Following up on Olivia Hill’s latest post about why we shouldn’t separate Fluff, and Crunch, and about the latest trends in gaming, the time calls for a clarification about what setting means. Deep in the founding principles of what a roleplaying game is lie the idea that “stories” emerge through play rather than being predetermined as in a book. After all, the whole specificity, and selling point of roleplaying games is that you can, through play, weave the story you want.
There’s a thin line here between what many “New School” players consider roleplaying, and what many “Old School”, or “Story Games” players consider roleplaying. If the story’s pre-set in its entirety up to its logical conclusion, boss fight, or cliffhanger leading to the next supplement, if it’s a Dragonlance-like romp, or an adventure path, the story’s emergence is usually confined to those marginal actions which won’t durably impact the planned adventure series. At the end of the day, there are only two options: to fail, or to succeed at the adventure. Missing too many hints? Fail. Total party kill during the final boss fight? Fail. This pattern turns the meaning of roleplaying into something close to acting: you play whatever character you want, talk in voices if you want, discuss with minor Non-Player Characters, but everybody knows how this all will end—success, or failure. The diegesis, the setting and underlying assumptions about the characters support the mimesis of play, the acting part, hence setting supplements being extremely detailed since they’re all there is to foster the willing suspension of disbelief of the players.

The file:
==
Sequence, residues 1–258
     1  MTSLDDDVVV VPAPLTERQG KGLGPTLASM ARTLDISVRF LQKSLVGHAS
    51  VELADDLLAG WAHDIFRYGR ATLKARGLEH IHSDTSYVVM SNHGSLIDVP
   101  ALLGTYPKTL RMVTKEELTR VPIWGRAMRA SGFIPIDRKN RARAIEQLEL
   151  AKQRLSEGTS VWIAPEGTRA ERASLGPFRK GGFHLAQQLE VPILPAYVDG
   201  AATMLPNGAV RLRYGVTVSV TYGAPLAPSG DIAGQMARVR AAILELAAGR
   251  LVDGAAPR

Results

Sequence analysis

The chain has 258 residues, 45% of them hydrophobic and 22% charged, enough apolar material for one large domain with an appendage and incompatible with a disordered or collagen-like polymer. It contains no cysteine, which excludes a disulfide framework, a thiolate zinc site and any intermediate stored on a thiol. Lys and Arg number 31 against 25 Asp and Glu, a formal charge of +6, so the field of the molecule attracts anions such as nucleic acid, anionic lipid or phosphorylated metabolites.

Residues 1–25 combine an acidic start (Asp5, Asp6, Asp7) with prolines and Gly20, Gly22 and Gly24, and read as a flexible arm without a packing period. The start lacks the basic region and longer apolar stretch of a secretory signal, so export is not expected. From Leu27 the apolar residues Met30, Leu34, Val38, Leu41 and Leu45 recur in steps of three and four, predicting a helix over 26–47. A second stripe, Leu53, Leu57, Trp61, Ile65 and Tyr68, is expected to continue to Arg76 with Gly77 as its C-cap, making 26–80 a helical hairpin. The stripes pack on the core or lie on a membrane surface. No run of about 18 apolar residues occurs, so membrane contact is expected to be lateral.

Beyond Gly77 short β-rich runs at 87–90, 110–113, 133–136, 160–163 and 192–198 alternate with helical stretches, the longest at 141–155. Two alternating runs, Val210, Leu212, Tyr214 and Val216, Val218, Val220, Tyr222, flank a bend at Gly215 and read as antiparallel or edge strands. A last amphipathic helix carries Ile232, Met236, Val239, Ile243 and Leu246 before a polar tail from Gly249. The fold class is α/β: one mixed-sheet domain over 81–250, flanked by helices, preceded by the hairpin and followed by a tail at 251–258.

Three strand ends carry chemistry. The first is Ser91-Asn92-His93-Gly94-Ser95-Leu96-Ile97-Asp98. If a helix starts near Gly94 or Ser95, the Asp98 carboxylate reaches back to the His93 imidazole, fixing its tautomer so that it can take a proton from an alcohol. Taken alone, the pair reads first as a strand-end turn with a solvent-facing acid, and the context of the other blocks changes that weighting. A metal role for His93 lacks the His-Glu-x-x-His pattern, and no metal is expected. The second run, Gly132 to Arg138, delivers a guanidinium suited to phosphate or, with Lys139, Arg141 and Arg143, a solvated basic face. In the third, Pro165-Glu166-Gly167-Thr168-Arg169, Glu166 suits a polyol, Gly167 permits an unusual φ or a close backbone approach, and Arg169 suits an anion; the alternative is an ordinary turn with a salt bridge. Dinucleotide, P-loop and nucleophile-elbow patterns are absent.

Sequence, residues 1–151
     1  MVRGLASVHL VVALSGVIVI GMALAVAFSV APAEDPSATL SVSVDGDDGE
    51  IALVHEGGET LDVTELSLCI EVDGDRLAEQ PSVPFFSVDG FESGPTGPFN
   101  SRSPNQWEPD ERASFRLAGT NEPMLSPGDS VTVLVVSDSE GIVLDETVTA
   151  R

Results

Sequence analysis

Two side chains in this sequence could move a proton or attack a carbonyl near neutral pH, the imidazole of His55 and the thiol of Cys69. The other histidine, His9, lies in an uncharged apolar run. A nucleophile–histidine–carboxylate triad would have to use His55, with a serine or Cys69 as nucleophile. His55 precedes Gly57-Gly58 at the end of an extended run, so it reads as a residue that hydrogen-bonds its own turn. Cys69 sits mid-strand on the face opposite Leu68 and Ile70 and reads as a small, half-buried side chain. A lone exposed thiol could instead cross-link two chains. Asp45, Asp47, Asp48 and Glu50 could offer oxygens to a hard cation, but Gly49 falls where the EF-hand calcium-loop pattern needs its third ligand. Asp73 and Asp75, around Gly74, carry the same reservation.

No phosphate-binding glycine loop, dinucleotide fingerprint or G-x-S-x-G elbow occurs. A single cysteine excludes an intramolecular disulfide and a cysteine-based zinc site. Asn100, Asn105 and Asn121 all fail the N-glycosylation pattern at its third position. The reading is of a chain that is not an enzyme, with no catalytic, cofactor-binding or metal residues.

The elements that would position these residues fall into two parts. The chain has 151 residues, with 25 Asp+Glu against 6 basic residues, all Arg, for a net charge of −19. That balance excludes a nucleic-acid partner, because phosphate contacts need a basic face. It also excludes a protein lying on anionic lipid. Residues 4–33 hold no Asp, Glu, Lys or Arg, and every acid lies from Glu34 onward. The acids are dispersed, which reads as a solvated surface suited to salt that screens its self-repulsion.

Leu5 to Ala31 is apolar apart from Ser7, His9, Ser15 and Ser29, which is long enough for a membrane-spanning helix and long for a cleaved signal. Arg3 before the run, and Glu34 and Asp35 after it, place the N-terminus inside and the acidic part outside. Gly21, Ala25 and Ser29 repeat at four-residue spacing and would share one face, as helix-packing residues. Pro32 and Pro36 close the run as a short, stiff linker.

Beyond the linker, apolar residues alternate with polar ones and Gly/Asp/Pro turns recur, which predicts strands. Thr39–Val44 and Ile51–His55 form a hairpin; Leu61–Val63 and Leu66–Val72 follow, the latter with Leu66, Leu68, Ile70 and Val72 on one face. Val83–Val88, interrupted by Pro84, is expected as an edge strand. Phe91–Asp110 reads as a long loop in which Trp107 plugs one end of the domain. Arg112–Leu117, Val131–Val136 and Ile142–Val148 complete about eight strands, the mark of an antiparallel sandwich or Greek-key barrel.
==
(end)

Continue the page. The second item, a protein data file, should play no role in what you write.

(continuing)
In Old School, and Story Games alike, roleplaying means that the players—Game Master included—have no fixed idea about the game session’s outcome, that all bets are off, and odds open. The diegesis here is but partly-written because it’s the players’ job to join the dots in an active creation of belief that the mimesis, the play, will further shape.
Understood in those terms, and trying to further bridge the divide between Fluff, and Crunch, you find setting bits in every movable part of your game: in character classes, in equipment lists, in spells, in monsters, and in magic items, artifacts, and relics. Deciding, for instance, to play AD&D solely with Fiend Folio monsters, or with the Terratic Tome, will give a very different flavour to your game than you deciding, for instance to go with orcs, and goblins. Featuring a spell-casting class means there’s magic, etc. Imagine a D&D game where the only allowed races would be Aquatic Elf, Lizard Man, Flind, and Ghoul instead of Elf, Dwarf, and Halfling.
It doesn’t take much more than that to kickstart a great game: forget about the Fluff, and intentionally build the setting into the rules. If you decide wisely what books, and game supplements to use for all those movable part, you will never need a setting book again, because they all are.